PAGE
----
Friday, December 31, 2004

New Year's Eve

I could be down on the Rose Parade route all night helping to save the 170 seats my church sets up along Colorado Boulevard, but I think I'll let others do that this year. I haven't attended the parade since the first year I moved here nine years ago but will probably watch it tomorrow in seats that others have saved for 20 hours.

This morning on my way to work I drove by people under colorful golf umbrellas in the rain already staking out their spot on the grassy median at the end of the parade route. The RVs have been parked in prime locations for three days now. It is clear of rain this evening with 20 percent chance of rain tomorrow—hopefully not until after the parade, which hasn't been rained on since 1955.

The work week was busy and absorbing after a lovely Christmas Eve and Christmas Day with friends. Christmas Eve meant another church service to help prepare. So it was somewhat of a relief when it was over—and Las Posadas less than a week before. I'm beginning to understand the daunting schedule clergy have at this time of year—and I didn't even have to preach!

I hadn't heard about the tsunami when I went to church on St. Stephen's Day. I had already been wrestling with the darker side of Christmas time. This year the liturgical choice was the martyrdom of St. Stephen, one of the first deacons in the book of Acts, or the First Sunday after Christmas, for which the Gospel reading is about the slaughter of the baby boys in Bethlehem.

I haven't watched any television yet. However, all week at work I watched the count of the dead in the headline story on the online WSJ change upwards by increments of thousands and ten thousands, sometimes hourly it seemed.

A book I had just picked up by the founder of Bread for the World, How Much is Enough: Hungering for God in an Affluent Culture, by Arthur Simon (brother of the late Illinois senator, Paul Simon), seemed a fitting read this week.

So did this excerpt from the poem, "Classifieds," by Wisława Szymborska:
Whoever's found out what location
compassion (heart's imagination)
can be contacted at these days,
is herewith urged to name the place;
and sing about it in full voice,
and dance like crazy and rejoice
beneath the frail birch that appears
to be upon the verge of tears.
[Edit 1/1/05: Changed some formatting and added a couple links.]

Saturday, December 11, 2004

Summer weather

Today is spectacularly beautiful. It's supposed to get up into the 80s. I have all my clotheslines full of laundry drying; just made quick and yummy muffins from the recipe on the Malt-O-Meal box; and will be going hiking in the mountains shortly. Fortifying myself for the next two weeks, which will be very intense with church-related duties.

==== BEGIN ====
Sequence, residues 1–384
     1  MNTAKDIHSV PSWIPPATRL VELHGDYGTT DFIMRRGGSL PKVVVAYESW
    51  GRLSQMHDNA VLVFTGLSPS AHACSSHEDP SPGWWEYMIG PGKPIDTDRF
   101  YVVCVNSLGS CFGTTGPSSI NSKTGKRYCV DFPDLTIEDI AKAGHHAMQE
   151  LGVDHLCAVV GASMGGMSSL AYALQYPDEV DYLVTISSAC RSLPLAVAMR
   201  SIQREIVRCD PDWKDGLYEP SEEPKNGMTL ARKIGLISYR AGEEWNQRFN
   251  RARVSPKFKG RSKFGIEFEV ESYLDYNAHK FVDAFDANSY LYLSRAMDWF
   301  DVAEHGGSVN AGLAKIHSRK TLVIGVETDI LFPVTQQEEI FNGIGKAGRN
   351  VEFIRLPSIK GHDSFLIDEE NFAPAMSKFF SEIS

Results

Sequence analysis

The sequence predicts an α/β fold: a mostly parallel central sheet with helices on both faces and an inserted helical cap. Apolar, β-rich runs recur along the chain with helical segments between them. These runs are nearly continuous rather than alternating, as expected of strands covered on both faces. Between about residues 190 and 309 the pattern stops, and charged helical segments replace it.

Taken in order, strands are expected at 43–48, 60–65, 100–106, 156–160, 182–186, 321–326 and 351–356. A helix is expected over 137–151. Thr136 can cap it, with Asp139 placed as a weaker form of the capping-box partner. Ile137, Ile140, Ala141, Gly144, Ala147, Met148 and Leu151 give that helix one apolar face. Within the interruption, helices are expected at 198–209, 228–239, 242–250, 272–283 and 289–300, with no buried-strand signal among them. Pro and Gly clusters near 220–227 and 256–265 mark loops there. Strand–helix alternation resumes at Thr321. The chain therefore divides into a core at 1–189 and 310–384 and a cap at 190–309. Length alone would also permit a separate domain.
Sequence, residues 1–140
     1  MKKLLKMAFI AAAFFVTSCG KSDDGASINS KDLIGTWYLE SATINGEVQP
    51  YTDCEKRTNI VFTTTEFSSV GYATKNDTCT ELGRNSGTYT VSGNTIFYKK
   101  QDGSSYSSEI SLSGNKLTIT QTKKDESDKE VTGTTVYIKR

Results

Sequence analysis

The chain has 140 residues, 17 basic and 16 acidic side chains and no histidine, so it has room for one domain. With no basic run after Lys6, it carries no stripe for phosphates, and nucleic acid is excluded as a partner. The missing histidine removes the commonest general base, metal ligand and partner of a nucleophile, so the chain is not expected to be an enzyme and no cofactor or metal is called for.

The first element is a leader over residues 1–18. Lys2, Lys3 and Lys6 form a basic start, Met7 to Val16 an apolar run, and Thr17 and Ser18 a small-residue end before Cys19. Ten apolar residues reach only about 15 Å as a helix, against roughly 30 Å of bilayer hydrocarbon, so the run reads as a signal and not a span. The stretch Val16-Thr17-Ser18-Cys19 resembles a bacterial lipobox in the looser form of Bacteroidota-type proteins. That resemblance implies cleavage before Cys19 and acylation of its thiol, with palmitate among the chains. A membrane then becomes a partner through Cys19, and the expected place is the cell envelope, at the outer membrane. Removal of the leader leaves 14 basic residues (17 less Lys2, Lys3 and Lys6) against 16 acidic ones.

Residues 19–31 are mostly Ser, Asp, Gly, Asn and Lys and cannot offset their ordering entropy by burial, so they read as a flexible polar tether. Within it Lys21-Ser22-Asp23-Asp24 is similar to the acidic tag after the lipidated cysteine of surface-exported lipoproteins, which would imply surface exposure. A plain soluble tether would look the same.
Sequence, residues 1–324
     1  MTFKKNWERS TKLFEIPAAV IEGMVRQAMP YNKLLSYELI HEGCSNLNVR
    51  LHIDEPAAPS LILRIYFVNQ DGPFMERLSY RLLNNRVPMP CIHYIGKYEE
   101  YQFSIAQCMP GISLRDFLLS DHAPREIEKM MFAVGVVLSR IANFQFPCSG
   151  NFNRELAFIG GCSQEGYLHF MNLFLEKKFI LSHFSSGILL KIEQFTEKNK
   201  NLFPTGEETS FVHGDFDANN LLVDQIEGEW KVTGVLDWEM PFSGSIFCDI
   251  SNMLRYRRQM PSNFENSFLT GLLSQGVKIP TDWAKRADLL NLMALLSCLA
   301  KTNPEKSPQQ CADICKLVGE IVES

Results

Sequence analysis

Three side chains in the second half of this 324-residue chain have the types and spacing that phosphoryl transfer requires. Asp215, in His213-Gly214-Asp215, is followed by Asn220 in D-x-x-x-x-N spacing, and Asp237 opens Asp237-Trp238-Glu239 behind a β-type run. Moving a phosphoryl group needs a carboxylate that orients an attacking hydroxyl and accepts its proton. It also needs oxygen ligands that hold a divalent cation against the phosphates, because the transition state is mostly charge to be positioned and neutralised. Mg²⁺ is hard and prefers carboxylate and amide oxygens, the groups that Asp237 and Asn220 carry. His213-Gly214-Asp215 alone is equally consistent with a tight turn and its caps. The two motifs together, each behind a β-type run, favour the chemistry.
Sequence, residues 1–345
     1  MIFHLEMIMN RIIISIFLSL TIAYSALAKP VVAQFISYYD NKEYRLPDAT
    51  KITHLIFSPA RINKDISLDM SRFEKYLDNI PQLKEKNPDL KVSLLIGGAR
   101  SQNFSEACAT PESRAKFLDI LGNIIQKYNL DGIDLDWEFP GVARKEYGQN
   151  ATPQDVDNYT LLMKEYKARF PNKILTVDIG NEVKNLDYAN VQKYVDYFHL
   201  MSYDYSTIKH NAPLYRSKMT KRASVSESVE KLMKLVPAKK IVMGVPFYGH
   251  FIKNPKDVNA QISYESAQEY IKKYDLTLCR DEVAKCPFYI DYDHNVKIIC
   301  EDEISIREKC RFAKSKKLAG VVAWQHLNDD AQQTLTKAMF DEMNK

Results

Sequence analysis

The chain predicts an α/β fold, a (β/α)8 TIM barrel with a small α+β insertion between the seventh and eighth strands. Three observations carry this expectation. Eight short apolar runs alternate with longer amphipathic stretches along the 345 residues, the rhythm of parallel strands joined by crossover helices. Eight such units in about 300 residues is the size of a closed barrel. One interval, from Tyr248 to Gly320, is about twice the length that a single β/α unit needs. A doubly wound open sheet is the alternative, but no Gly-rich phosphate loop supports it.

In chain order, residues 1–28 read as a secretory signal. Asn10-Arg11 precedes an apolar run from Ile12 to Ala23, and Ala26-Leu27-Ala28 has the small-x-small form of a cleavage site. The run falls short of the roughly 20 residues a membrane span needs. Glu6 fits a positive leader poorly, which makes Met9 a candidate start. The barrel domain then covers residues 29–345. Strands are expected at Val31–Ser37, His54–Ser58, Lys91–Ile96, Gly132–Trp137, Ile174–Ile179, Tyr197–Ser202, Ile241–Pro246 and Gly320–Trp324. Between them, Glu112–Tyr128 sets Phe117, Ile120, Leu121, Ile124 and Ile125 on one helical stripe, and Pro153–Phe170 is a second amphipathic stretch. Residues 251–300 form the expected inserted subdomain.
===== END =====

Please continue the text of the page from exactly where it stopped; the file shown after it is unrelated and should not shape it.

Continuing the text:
Saturday, December 04, 2004

Bulletin board

These days it seems all I have time/space for here are summary postings of reminders.

Last Sunday one thing I did make time for was clearing and preparing a space for my Advent altar. I drapped a beautiful blue with purple fringed silk scarf over the corner of my mantle and bookcase, placing on it two cobalt-blue glass candleholders with white candles and scattering white rocks gathered on a Washington beach to symbolize a path.

The other symbol I'm using this season is that of cleaning house.
Just as Lent is an appropriate time for spring cleaning, Advent, too, invites us to pay attention to our spaces, to eliminate the clutter and unnecessary furnishings....(Sundays and Seasons 2005, p. 23)
So, for this Sunday I chose the hymn "People, Look East."
People, look east. The time is near of the crowning of the year.
Make your house fair as you are able, trim the hearth and set the table.

People, look east, and sing today—
Love, the Guest, is on the way.
Sparrow, at Mercy Street, is posting wonderful Advent quotes.


Norwegian knitting: Arnhild Hillesland, via the Winter 2004 Interweave Knits magazine.


How Iris Murdoch's novels have been analyzed to show traces of the beginning of her Alzheimer's disease: The Guardian article via Bookslut. I first heard the story on NPR. Dr Peter Garrard, the neuroscientist who led the study, mentioned that part of what informed the research was his undergraduate studies in ancient languages, where he was schooled in how to analyze texts.